"But I say to that person: You were not supposed to be living in Burj Khalifa . Because if you were working in London, at your salary, which falls in the average salaries of London, can you live in Knightsbridge? You cannot. You will take the tube, live half an hour away from the city and commute - just like all the employees,” he added.

I don't live in the Burj Khalifa, although I have a fine view of it from my lounge window meaning my flat is now considered "very desirable" in terms of Dubai property. So what he's saying does apply to me. And what he's effectively saying is this:

"Gwarn, you low paid people. You people without big private incomes or trust funds, those of you who are not corporate lawyers, oil workers, finance directors, bankers and so on. Get out. You've had your fun living in a posh area in a nice place while the Dubai economy was in the toilet, now will you kindly p*** off to some bland suburb where people like you actually belong. And close the door on your way out so none of you can creep back in. Thanks."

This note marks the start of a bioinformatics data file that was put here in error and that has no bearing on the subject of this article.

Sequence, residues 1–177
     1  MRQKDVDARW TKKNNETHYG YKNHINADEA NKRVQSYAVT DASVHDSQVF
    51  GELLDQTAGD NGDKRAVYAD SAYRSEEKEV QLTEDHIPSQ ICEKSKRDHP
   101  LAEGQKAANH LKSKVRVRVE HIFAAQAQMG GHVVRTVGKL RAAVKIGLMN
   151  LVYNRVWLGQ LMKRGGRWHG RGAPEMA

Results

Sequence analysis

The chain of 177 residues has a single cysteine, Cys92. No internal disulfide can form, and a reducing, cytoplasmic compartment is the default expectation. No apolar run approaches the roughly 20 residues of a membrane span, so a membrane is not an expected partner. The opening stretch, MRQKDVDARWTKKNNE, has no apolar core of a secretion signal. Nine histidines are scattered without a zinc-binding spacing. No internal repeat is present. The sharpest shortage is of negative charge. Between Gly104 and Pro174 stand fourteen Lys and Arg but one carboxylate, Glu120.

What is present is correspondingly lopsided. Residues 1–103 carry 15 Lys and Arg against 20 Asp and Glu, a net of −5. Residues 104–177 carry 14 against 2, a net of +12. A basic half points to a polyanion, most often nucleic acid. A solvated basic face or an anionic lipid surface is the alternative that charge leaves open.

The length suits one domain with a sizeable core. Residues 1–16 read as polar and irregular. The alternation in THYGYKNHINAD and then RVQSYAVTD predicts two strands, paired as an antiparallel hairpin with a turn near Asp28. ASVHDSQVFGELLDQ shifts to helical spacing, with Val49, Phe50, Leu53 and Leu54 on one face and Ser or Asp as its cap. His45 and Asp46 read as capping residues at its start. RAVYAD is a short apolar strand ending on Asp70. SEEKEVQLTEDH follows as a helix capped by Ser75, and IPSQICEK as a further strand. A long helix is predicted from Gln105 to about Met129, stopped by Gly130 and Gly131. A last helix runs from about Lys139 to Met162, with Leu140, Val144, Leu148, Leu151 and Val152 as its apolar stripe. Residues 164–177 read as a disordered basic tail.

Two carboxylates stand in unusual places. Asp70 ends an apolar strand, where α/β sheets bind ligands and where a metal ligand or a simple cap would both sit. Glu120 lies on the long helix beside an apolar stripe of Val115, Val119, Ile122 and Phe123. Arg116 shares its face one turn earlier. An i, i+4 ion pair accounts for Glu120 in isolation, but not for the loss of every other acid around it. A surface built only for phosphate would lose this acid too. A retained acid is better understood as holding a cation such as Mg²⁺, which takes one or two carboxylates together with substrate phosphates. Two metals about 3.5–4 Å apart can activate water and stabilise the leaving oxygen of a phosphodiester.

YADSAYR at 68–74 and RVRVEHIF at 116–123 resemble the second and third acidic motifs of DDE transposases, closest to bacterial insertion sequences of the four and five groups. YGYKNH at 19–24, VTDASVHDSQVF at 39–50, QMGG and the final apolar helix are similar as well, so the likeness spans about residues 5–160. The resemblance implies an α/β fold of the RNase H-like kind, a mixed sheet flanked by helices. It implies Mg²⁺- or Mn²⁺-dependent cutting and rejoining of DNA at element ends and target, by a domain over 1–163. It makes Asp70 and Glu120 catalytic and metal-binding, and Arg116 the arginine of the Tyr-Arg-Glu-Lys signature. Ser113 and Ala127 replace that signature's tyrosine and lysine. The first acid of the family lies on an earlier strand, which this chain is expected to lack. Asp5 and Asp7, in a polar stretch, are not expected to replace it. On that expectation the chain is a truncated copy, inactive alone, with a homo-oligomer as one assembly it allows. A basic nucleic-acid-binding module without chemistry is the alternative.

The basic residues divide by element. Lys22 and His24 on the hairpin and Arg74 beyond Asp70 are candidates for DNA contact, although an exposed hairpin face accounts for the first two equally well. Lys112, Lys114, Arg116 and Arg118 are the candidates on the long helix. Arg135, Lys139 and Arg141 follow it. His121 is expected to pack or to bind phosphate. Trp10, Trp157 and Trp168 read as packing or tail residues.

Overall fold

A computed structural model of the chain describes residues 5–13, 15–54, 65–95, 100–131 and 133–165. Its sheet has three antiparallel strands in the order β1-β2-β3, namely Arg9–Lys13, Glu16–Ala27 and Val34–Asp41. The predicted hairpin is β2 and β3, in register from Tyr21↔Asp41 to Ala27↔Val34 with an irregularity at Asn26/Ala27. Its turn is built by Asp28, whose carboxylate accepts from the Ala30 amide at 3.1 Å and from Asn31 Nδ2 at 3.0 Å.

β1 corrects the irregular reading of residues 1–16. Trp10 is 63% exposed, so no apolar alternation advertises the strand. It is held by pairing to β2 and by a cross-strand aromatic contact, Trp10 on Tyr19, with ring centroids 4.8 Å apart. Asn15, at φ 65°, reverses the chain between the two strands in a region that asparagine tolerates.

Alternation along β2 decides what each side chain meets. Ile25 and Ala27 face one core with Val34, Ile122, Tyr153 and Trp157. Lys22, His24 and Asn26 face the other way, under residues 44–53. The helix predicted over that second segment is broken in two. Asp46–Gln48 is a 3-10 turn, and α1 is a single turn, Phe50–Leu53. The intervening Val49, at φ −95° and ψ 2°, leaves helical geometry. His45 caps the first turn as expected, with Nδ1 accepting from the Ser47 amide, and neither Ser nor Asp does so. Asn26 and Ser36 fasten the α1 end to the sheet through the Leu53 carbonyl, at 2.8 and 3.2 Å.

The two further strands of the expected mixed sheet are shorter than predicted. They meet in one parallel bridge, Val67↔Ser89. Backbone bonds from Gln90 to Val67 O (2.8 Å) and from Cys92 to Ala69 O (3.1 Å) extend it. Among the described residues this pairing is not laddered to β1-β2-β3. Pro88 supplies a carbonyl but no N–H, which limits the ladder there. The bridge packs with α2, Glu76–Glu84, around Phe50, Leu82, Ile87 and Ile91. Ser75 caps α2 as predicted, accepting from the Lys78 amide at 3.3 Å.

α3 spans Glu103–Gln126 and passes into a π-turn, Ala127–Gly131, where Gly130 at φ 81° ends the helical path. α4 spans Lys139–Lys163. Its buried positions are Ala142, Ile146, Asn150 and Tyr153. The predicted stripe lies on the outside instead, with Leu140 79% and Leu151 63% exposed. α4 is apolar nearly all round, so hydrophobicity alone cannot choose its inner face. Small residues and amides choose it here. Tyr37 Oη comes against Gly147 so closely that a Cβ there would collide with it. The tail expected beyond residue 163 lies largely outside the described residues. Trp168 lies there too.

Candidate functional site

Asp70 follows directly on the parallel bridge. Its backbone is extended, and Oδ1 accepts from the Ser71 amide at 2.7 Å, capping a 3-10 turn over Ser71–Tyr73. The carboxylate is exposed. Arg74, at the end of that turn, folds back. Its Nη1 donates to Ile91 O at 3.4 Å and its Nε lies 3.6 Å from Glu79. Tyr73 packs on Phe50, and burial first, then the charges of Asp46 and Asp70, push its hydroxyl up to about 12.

He has a point, I suppose, these buildings weren't built for low-paid journalists, booze salesmen, teachers and the like, they were built for people who can afford something approaching Knightsbridge rents. Although, I can't help but feel there are fewer people that can afford Knightsbridge rents in the world than developers in Dubai seem to think there are... Also, I can't help but feel that likening Dubai, a city that's sprung up in a  matter of decades, with Knightsbridge, an established area of London that has extremely expensive properties in a market that's built up and sustained over centuries, may be asking for trouble.

What can you do? Well, first of all, it's best to have a laugh about it, and thanks to the Pan Arabia Enquirer, it's possible to do that. Once you've been through the stages of grief, hysteria, denial and anger, you come to the acceptance part.

Staying in our place would mean an ugly battle, starting with reporting the landlord to RERA, the property industry's regulatory body. Even if we won a case against him, I hate to think what Profoundly Revolting Landlord's behaviour would be like over the following year. It does mean that he has won by bullying us out of our home, but, when it comes down to it, does anyone really want to live somewhere where the owner of the property wants you out so badly he's prepared to shout threats of getting lawyers on you in your own building lobby? The answer is no. I'm bloody minded, but not that bloody minded.